Statute Of Limitations
Posted 23 July 2012 - 09:29 AM
Posted 23 July 2012 - 10:04 AM
Posted 23 July 2012 - 11:09 AM
Sometimes a skillful lawyer could possibly manipulate that SOL.
I am a FTCAer/1151er.
I filed within months of my husband's death under the FTCA regulations.As soon as I knew I had evidence that the VA had caused his death.
I also filed a Section 1151 claim-there is no SOL on that type of claim.
We have considerable info here in our FTCA forum on both of these types of claims.
“I put in a claim for widow benefits & it is still in progress. ( I see no way they can deny them ) “
I assume you mean you have claimed his death under Section 1151, 38 USC and filed the claim ( was it your initial DIC claim) on a formal 21-534 form?
They denied my 1151 claim many times, even after I settled with the USA for my husband's wrongful death, then they finally awarded the 1151.
I can assure you this will not be easy or fast.
One good reason for filing FTCA is that you deal (or your lawyer will) deal with VA attorneys
who will actually read the medical evidence, because the VARO, in my experience refused to read what I felt was so obvious and they withheld probative medical evidencxe from their C & P examiner whose opinion denied the 1151 twice because the RO had withheld this critical evidence from him as well as even the General Counsel for the FTCA case I had.
These claims these days most often require an independent medical opinion.
Did a service rep familiar with 1151 claims help you prepare the claim?
Did they suggest getting an IMO?
Was the 1151 issue fully described on the 21-534 form as to exactly what you were claiming for DIC as to cause of death?
“the hospital & doctors were baffled at what caused his death “
I assume they certainly did an autopsy. Do you have a copy of the autopsy and does anything on it (such as the toxicology findings ) support your case?
Does the death certificate specifically state medication error as causing or contributing to death?
You need to contact a malpractice attorney and there are plenty on the net for any possible FTCA case-
however, in my opinion, if the SOL prevents you from filing under FTCA , a Section 1151 claim would be in order.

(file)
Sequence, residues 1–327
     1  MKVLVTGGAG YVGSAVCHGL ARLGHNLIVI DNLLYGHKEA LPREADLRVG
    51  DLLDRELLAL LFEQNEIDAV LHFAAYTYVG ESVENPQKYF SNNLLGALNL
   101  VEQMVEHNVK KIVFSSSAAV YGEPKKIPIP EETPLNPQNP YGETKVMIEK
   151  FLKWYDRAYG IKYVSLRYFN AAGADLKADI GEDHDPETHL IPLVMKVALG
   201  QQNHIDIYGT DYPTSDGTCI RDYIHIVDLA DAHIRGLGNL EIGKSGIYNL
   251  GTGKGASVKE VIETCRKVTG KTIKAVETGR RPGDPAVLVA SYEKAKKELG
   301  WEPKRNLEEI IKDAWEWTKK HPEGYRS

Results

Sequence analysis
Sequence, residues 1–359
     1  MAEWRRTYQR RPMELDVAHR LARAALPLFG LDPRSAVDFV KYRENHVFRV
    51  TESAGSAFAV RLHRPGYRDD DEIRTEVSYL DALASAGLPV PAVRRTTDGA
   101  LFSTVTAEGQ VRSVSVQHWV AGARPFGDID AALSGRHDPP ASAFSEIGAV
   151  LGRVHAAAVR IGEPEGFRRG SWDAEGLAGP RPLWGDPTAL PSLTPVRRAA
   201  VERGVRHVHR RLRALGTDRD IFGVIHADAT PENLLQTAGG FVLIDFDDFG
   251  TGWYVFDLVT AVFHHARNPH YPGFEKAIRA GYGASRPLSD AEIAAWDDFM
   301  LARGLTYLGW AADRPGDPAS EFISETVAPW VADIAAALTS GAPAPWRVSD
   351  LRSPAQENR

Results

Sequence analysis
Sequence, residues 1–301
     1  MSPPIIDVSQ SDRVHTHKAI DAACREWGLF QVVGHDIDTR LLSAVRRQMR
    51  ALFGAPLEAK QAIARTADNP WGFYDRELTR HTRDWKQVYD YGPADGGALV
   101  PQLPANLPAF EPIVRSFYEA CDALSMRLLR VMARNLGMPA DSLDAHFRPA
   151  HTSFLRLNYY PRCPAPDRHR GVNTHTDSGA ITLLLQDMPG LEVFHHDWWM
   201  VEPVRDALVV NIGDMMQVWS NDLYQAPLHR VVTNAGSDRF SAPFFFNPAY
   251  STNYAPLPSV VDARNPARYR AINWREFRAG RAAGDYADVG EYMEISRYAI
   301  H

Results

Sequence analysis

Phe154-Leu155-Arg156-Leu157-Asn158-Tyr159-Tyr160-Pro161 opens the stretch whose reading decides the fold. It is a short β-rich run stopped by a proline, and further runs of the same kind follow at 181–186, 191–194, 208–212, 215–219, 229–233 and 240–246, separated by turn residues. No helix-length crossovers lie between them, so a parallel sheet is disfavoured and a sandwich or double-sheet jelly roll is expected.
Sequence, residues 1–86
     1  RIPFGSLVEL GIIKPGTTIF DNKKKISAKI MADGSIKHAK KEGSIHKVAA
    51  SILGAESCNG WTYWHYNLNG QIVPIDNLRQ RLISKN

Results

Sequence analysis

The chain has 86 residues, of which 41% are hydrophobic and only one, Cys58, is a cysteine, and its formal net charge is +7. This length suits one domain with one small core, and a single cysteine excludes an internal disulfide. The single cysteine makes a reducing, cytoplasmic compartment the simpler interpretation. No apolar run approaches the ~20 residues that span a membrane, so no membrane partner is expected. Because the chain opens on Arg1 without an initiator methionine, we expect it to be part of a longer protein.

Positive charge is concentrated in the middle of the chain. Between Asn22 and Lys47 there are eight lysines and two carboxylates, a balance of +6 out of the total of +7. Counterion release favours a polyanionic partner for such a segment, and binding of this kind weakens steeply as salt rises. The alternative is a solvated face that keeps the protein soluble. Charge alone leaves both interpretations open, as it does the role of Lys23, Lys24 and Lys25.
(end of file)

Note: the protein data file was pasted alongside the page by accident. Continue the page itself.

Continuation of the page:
A claimant cannot be paid under both 1151 and FTCA for the same death/ due to same cause. In that respect a 1151 claim would be advantageous here,regardless of whether the SOL ran out or not.
“He was 100% TPD “
Was he 100% SC P & T for ten years prior to his death?
1151 claims as well as FTCA cases require proof of documented negligence and/or malpractice and documented
proof of resulting disability or death as a direct result from the negligence/malpractice.
"It is written on there paperwork they were not to give him a certain drug because there could be a critical interaction with a medication he was on for years. They prescribed it ..."
A VA major medication error severely compromised my husband's health for 6 years and that contributed to his death, and was one the multiple charges I made against the VA and that I had proven to them.
He had no medical condition at all ,I proved , that even warranted this medication.
Edited by Berta, 23 July 2012 - 11:15 AM.
Posted 23 July 2012 - 12:26 PM
PS Berta is very knowledgeable about the benefits that you should get.
Posted 23 July 2012 - 01:53 PM
I think this widow means her Mother's benefit from SSA Survivor's Insurance benefits has expired as age 16 is the cut off date for that.
This was due to the Omnibus Reconciliation Act during Reagan's presidency.
A successful direct service connected death would restore up to 2 years of these SSA benefits under the REPs program.
REPS however does not apply to 1151 deaths.
REPS (Restored Entitlement Progran for Survivors) has no time frame limit.I also lost my Mother's SSA benefit when my child turned 16. When I succeeded in direct SC death in 2009, that trumped the 1151 award and I received full REPS benefits,over a decade after my husband died. It pays to remind here how that program works.Also REPS can be searched here.
All survivors should always raise a claim for direct SC as well as any other type of SC (such as ten year & T SC) or 1151 DIC on the 21-534 application.
This is a better explanation of the SOL for FTCA:
“ Two-year statute of limitations. The claimant has 2 years from the date the claim against the government accrued in which to present a written claim. If the claimant fails to present his or her claim within 2 years, it is barred forever. A claim accrues when the act or incident giving rise to the claim occurs, or when the claimant learns or reasonably should have learned about the wrongful nature of the government employee’s conduct. Thus, a claim arising out of an automobile accident would normally accrue when the accident occurred. A claim arising out of medical malpractice will not accrue, however, until the claimant learns or reasonably should have learned about the malpractice. “
The last sentence is what malpractice lawyers can determine.
Posted 23 July 2012 - 10:49 PM
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